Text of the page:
Notes from our past: 1924 to 1933
- AWEA classes were introduced to Mt Eden Prison in the early 1920s. During the depression, tutors in the prison were one day startled to find among the prisoners some of their usual tutorial class members. These were Marxists who had been jailed for their activities as organisers of the unemployed.
- In 1924, at the request of AWEA, Auckland University established two annual bursaries for AWEA students. One early recipient was Lascelles Wilson a worker who after graduating went on to take leading roles in the adult education sector in Australia.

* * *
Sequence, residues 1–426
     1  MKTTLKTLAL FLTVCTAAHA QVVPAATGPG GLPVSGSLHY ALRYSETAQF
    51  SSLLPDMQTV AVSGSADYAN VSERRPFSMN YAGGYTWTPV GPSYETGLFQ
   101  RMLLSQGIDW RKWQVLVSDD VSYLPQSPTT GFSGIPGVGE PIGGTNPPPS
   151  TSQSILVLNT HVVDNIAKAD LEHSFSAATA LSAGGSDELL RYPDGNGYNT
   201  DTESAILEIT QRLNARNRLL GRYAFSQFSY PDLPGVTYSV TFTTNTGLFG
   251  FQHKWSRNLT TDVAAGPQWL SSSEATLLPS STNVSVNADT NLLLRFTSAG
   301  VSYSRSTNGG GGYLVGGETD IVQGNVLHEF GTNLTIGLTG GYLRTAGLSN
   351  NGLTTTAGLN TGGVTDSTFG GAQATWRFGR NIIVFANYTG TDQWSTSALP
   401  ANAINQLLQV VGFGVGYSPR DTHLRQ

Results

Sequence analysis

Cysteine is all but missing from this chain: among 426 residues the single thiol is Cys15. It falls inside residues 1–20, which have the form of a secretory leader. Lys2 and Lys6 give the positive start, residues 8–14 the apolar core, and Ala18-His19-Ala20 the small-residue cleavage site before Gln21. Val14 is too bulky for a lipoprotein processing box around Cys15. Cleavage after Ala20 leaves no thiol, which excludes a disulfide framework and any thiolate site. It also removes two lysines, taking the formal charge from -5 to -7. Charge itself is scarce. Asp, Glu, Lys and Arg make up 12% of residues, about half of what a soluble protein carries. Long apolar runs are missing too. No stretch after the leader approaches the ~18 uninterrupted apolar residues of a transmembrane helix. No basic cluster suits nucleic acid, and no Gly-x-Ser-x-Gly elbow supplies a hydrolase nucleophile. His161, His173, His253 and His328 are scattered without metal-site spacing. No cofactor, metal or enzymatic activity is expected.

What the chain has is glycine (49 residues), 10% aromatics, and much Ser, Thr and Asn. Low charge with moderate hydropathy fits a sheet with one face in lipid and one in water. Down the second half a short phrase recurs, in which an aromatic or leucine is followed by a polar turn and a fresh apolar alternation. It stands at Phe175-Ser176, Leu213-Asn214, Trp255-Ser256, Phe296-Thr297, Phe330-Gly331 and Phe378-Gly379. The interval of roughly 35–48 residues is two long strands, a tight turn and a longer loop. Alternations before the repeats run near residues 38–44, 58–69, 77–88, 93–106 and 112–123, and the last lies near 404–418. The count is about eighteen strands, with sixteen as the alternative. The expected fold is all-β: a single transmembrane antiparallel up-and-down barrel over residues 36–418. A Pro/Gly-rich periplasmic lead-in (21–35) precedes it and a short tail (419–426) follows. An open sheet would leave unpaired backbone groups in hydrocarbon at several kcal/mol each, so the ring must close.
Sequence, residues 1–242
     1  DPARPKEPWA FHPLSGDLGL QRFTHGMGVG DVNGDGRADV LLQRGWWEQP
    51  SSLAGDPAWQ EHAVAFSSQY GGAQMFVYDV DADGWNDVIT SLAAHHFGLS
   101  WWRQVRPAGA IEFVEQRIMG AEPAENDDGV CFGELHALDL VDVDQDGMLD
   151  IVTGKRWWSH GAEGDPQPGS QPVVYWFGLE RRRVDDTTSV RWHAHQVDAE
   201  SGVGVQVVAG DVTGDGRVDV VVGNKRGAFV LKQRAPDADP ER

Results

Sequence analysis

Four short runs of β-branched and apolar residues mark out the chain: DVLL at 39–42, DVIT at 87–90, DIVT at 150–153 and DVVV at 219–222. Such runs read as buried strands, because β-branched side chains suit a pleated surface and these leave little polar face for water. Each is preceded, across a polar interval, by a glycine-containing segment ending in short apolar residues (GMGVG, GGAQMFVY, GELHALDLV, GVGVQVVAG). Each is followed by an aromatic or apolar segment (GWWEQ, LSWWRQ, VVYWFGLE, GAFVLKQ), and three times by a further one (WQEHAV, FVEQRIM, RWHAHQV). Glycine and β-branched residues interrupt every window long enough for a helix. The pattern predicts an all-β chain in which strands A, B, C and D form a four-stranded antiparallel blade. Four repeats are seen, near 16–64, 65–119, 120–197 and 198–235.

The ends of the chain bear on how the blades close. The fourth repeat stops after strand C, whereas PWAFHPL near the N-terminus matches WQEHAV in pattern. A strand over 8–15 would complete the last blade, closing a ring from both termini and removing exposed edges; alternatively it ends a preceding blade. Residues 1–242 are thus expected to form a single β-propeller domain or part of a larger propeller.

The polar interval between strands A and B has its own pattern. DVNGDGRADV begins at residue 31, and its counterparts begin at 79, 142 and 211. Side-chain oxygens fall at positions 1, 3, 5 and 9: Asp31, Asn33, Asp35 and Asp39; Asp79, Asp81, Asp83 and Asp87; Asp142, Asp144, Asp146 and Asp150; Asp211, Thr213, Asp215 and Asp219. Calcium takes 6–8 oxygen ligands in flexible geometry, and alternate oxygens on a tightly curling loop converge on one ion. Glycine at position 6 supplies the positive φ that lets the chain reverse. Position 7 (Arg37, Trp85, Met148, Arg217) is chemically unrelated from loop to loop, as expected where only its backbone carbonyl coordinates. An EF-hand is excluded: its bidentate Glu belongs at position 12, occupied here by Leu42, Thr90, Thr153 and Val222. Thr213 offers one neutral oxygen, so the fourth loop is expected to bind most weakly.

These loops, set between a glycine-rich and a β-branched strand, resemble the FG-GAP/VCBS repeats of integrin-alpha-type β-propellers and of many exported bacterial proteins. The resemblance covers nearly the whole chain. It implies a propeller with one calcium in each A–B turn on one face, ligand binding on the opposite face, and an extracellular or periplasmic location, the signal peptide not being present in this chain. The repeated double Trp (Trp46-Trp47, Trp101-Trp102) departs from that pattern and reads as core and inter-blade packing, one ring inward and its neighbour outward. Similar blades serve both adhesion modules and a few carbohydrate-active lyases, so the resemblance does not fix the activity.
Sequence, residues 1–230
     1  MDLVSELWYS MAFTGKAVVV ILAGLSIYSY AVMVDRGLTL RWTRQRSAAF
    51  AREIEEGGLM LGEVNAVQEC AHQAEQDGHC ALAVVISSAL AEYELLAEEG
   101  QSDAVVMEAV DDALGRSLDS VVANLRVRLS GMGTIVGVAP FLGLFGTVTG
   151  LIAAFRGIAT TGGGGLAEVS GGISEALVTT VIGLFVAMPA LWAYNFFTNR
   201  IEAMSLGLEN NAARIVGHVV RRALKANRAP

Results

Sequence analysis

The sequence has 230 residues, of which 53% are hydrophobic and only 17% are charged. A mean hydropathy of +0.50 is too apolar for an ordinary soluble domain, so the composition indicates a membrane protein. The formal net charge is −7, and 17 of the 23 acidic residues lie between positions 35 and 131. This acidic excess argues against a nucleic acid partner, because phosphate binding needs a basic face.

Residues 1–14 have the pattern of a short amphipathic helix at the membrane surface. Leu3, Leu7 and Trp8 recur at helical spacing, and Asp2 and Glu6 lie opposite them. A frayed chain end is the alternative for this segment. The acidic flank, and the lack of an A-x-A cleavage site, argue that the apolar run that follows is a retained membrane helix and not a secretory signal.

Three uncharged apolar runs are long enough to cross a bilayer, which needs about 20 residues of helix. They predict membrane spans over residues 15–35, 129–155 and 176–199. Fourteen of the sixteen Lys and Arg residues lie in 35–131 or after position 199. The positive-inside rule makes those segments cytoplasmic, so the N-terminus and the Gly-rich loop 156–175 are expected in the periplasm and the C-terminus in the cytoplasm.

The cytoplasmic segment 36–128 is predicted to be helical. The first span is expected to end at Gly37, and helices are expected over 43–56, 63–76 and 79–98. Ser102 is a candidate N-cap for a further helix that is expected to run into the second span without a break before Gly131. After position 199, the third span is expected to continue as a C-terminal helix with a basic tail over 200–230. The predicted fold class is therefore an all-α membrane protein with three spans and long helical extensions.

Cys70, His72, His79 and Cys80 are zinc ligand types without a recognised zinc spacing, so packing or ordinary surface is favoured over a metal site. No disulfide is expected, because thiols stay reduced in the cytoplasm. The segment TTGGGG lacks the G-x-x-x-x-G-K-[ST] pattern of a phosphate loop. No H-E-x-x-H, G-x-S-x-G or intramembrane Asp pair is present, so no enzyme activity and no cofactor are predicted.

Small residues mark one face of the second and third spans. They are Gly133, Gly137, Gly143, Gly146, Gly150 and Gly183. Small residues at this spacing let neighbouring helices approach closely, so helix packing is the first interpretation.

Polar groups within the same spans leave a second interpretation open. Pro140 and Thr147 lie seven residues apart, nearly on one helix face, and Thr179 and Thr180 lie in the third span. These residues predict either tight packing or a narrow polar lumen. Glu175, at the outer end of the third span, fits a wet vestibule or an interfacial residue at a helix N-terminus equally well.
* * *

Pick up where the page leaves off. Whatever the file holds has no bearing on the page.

- This was a time of 'dissatisfaction with a society in which advanced knowledge and ideas, learning and books were substantially denied to the mass of human kind.' AWEA ran lunch hour workshops in factories and maintained close relationships with unions.
- During the depression government funding to AWEA was cut, then abolished. Three organisations of the unemployed affliliated to AWEA and unemployed workers gave time and labour to AWEA where they could not give money.
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